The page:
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turbed the tranquillity of the state ; and not only by the multitude of examples, so that vices by their commonness had lost their names, and were styled virtues; nay, it was a crime to appear innocent among the guilty; but principally because they thought themselves secure as to a future state ; for either they wholly disbelieved it, and it is congruous that those who think to die like beasts, should live like beasts; or else, by attributing to their deities those passions and vices that so powerfully reigned in themselves, they were strongly persuaded no punishment would be inflicted; for how could the gods make them sacrifices to their justice, who were companions with them in their crimes ? or revenge the imitation of their own actions ? This was to cast down the banks, and to let the torrent of corrupt nature break forth in all its fury; as St. Austin observes of Homer, the father of poetical fictions, that representing the murders, thefts, and adulteries of their gods, he made those sins divine properties, and effectually commended them to the heathens; Quisquis ea fecisset, non homines perditos sed cælestes deos videbatur imitatus.” And he gives an instance of this from a comedy of Terence, where a vicious young man is introduced, reporting how he animated himself to satisfy his brutish lust, as having no less a deity than Jupiter for his master and model. In short, the theology of the Pagans inflamed them to the bold commission of every pleasant sin. The history of their gods was so interspersed with the most infamous impurities, that at the first reading,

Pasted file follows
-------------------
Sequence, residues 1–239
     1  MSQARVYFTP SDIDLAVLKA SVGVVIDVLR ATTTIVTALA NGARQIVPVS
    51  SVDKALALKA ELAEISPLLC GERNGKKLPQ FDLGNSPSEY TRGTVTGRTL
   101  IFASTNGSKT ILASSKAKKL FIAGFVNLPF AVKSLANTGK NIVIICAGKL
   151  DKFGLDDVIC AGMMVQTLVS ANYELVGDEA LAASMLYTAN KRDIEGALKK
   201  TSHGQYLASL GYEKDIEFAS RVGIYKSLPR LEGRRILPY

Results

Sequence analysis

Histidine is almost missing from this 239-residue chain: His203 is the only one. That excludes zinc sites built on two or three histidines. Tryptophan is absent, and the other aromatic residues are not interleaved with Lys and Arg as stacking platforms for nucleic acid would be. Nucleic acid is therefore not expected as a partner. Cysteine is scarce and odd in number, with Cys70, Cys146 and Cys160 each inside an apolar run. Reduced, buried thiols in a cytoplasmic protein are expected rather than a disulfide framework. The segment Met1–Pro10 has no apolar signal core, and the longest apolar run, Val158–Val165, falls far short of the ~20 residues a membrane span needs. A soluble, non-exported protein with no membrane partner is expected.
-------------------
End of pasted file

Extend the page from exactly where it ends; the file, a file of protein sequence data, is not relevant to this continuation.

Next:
verterunt pupillas virgines in meretrices;" they lost the virginity of their eyes, then of their souls, and then of their bodies. Now the gospel is a holy discipline that forbids all excesses, that enjoins universal purity and chastity; so that when it was first preached to the heathens, they thought it impossible to be obeyed, unless men were angels without bodies, or statues without souls.

(2.) I shall add farther, that the aversion of the heathens from Christianity was much strengthened by those, who were in veneration among them and vehemently opposed it. And they were the philosophers greatly esteemed for wisdom, their priests that had dominion over their consciences, and their princes that had power over their states and lives.

First; philosophers vehemently opposed the receiving of the gospel. At the first view it may be just matter of wonder that they should be enemies to it whether we consider